“Here’s where it gets weird. Uh…”
“Hey. Sophia.” She looked at her watch. “It’s just about midnight. I have to leave now.”
“What? No way. I just—"
“I’ll drive. I can’t ride during the day.”
“Look for yourself.” For a quick instant, her smile turned vicious, as her canines popped into fangs.
Johnny tried to jump up and out of his chair, but Sophia reached out and grabbed his head with both hands. She forced his eyes to meet hers.
“Relax, relax, relax. You are in no danger. But you need to let me drive to Los Angeles.”
The flight instinct drained from his body, leaving only his lungs to hyperventilate in order to slow his heart. He wanted to scream, but something outside of him kept him calm and listening.
“Yes. I must travel at night.”
“This is insane.”
“Believe me, Johnny. I have to go through this over and over again.” She released her grip. “But I don’t kill people. I took an oath and I will keep it whether you give me a ride or not.”
“Can I finish my beer?”
“Please. You paid for it.”
Had he somehow agreed to go back on the road? Yes, he had. But it felt right because she needed his help. He was doing good.
After finishing the pint in a few gulps, some combined attempt at washing away the fear and trying not to believe what he’d seen, he led Sophia to the casino’s parking lot. She blew out a breath.
“Oh, good. You have an SUV. You’ll be able to relax.”
“I still can’t believe I’m letting you do this.”
“This is very cool of you. Thanks.”
As Johnny punched the unlock button on his key, Sophia opened the back door.
“There’s one more favor I need. See, I’ve been out on the road, all by myself. Kept myself hidden until just this moment. I’m a little…hungry.”
“Oh, for God’s sake.” Johnny bolt
“Not much, man. Not much. It won’t be worse than giving blood at the doctors.”
“I don’t like to donate blood.”
“No, not the donation. Just that little bit to check on your cholesterol and shit.”
“It’ll help you sleep.”
He nodded and looked away. He felt a quick sting, but no lasting pain.
“Yeah, let’s get moving.”
She took his keys while he laid down on the back seat. Staring at the car’s ceiling, he hoped as he drifted off this would all be over soon and he could forget everything that had happened.
Part One: Wide Open Spaces
They’d arrived with less than one hour of darkness left. She drove to the address she’d received in the e-mail, on Hyperion Ave in the Silver Lake neighborhood, east of Hollywood and near I-5. She found the building, a couple of squat storefronts with big picture windows facing the street and a second floor that could be residential or could be more offices. She jumped from Johnny’s car and out of his life forever.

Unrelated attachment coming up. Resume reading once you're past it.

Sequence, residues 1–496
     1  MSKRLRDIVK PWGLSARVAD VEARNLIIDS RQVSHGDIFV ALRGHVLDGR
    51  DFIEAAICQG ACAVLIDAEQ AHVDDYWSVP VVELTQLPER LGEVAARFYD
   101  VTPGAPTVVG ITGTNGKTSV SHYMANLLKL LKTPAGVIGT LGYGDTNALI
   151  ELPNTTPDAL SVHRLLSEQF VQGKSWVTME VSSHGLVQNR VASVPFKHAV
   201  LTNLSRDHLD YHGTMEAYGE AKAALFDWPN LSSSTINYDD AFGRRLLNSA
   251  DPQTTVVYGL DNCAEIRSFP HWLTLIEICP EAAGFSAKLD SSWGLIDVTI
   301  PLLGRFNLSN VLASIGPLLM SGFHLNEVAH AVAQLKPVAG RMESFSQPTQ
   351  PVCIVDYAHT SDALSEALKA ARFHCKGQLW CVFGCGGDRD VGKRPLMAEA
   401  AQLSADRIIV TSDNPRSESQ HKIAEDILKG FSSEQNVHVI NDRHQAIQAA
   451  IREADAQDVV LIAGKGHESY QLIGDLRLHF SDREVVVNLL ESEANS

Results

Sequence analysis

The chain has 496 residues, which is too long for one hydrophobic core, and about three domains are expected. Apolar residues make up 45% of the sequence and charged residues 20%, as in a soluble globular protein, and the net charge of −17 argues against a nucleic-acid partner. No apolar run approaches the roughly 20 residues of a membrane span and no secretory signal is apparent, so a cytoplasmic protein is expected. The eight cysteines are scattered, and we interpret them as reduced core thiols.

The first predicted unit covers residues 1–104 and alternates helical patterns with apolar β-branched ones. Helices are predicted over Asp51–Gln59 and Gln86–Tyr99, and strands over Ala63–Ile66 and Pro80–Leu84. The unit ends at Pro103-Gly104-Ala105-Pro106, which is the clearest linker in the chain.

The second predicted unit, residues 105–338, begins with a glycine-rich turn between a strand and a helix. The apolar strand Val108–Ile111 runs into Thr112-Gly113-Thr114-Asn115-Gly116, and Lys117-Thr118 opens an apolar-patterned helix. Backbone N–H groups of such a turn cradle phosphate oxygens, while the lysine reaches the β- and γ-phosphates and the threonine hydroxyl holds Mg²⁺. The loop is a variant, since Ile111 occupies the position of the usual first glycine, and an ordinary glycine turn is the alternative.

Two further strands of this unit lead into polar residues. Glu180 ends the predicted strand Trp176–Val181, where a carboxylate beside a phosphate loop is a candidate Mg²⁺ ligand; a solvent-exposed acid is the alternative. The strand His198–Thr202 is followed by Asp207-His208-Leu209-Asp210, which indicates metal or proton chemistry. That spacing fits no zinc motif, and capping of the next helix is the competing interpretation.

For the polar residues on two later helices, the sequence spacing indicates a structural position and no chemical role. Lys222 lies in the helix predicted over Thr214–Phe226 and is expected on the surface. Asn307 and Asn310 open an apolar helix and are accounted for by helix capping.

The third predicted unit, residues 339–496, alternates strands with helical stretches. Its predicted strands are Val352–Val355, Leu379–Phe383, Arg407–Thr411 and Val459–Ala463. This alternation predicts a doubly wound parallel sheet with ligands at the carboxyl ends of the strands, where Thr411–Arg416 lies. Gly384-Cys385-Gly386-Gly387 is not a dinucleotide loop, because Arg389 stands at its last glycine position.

She felt guilty about using her powers over him, diving into taking over his mind just for a ride to Los Angeles, but need outweighed good. She hadn’t hurt him, just inconvenienced him, taking away a fun night in Vegas. He’d have many more, she was sure.
Her head still buzzed from the drink she’d taken from his wrist. In the past few weeks, she’d drunk more human blood than in the last decade, especially since Hurricane Katrina and the madness that infected her cabal. That was when David Hennesey, the boss of her cabal, started the whole rehab thing.
“Get clean from human blood,” he had said. “Let’s try and find that soul we lost when undeath came upon us.”
He spoke like it was still 1880, but his point got across. They had done so well, until they lost The Boss in a feud with werewolves. But that’s why she was in L.A. She had to find herself again after letting it all go. And she had to do it alone, as everyone else was gone.
One of the storefronts had thick curtains that looked taped to the inner wall, the best to keep out any light. Sophia could feel the heat of the bodies moving within. She must have found her destination.
The woman who answered the door had loose curls of salt-and-pepper hair drifting down past her shoulder blades. She looked to be in her mid-forties, but lean and toned. She wore an outfit similar to Sophia’s, distressed pink t-shirt and jeans, but instead of motorcycle boots she wore Birkenstock sandals. Sophia’s memories of her cabal mate Fritz and his thrall danced a hippie bounce across her memory.
“Are you Sophia?” When Sophia nodded, the woman enveloped her in a hug. At first, she wanted to resist, but the warmth of this woman’s body and the openness of her spirit collapsed her defenses. She accepted all the love this woman could give. “Oh, I wasn’t sure when you’d make it, but I’m so glad you’re here. Get inside now.”
Sophia had first contacted Carmen Primanti when she’d left New Orleans. Carmen was one of the many people David had connected with on his quest to help vampires rehab themselves. Carmen was a human, not undead, but David had said she was passionate in her desire to help.
“You want the fifty-cent tour?” Sophia nodded and Carmen led. There wasn’t much to the place: one chaotic office where Carmen did her work, a reception area to greet people coming in off the street and a conference room that had no table but plenty of metal fold-out chairs stacked in the corner. “This is where we hold meetings.”
“You’ve already got people rehabbing?”
“A few. I think they’ll be excited to meet someone who’s been doing it as long as you have.”
“What are you calling this place?”
“This is the ZLVG Rights and Assistance Center.” Sophia must have looked confused because Carmen filled right in. “That’s zombie, lycanthrope, vampire and ghost.”
“Do you know any zombies?”
“I wanted to be inclusive.”